Jon Fitch: No, he didn’t push me into it. But I was introduced to it, and he invited me to work out with him, Gary Goodridge and Mark Coleman a few times. And working out with those guys and hearing their stories, it seemed like something that could be a possible future for me. The dream started growing from there. What do you think about Purdue’s recent win over Missouri?

Jon Fitch: It’s pretty awesome. Scott Hinkel was an assistant coach when I was there, and he took over the helm a couple of years ago. He was super pumped. I could tell just by the text messages I got from him. That’s a big win for those guys, and I’m really hoping that Hinkel has that program turned around and going the right direction. Sticking with grappling for a second here: can you explain the differences between traditional jiu-jitsu and Dave Camarillo’s Guerilla jiu-jitsu that you trained in?

Jon Fitch: Dave’s jiu-jitsu is a more aggressive style. It’s a finishing style and it’s a lot less defensive. I think traditional jiu-jitsu is a defensive art, and Dave’s style is more of an aggressive, offensive art. What made you choose American Kickboxing Academy as your home camp?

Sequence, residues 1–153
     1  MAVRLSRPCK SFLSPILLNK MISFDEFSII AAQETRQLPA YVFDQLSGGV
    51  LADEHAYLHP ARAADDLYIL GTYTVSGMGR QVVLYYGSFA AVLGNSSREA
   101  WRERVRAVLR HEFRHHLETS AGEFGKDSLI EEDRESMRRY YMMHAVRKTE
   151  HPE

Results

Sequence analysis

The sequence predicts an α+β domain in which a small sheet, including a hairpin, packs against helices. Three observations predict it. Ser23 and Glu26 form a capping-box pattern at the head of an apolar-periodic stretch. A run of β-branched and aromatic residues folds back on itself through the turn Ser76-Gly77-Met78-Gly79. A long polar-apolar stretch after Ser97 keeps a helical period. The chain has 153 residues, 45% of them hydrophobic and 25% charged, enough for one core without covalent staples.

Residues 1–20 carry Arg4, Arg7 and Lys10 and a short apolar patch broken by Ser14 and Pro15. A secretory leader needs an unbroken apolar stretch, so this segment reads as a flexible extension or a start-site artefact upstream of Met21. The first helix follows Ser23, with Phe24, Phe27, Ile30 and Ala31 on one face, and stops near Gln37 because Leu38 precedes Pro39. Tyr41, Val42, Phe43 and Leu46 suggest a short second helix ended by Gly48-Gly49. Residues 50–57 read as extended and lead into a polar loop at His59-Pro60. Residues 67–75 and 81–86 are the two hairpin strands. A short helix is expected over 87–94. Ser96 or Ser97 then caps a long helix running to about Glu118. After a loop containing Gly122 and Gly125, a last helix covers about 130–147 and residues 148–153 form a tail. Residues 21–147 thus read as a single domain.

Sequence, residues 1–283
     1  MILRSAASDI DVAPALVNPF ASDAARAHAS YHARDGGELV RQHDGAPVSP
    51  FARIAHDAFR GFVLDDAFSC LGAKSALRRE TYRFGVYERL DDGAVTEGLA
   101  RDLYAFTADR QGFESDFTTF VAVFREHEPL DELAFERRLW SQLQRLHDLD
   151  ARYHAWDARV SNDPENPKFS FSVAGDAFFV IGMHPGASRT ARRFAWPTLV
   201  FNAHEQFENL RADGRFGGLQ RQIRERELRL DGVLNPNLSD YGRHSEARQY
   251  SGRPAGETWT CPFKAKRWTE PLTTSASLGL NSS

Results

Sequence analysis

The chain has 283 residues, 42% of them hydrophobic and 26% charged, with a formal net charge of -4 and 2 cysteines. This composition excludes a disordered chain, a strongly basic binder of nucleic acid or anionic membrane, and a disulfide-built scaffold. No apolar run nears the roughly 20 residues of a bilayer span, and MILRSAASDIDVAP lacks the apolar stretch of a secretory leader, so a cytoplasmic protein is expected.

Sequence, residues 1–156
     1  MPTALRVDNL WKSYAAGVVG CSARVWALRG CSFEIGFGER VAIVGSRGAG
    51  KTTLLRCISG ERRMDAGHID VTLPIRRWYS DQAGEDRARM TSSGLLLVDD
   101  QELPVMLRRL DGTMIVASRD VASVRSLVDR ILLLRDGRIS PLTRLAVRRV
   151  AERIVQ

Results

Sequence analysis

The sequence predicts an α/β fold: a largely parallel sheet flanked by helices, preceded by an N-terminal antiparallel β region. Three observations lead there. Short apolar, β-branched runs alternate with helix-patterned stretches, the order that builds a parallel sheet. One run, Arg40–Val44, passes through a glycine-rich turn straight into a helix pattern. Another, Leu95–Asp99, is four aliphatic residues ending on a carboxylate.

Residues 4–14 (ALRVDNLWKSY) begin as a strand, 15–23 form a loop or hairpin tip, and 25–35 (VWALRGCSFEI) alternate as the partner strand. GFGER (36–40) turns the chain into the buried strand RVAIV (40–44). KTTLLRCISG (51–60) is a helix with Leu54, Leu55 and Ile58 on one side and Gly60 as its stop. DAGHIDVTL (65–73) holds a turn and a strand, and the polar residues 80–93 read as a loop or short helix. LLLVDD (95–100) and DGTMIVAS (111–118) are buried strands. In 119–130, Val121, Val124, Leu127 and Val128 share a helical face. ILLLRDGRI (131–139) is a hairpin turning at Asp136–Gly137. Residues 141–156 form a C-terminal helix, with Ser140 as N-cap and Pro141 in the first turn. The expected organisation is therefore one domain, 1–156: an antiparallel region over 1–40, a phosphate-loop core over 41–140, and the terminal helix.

Jon Fitch: Well, in the beginning, coming from where I was at Purdue, I didn’t have any coaches or anybody to help me. I was just wrestling and hitting heavy bags. When I could, I would try to work with their judo club from time to time, you know? To work on some submission stuff. And when I got out to AKA, I saw that there was like ten different stand-up trainers I could work with. They had Crazy Bob Cook and Josh Thomson and a lot of guys who had good ground work. I thought that the limits were endless there for what I could learn.

And that was even before Dave Camarillo came. When Dave came, it looked like a complete picture to me. Everything has just gotten better and better as time has progressed. You mentioned all the trainers you had available at AKA. One of those trainers is Javier Mendes. What kind of trainer is Javier, and what have you learned from him?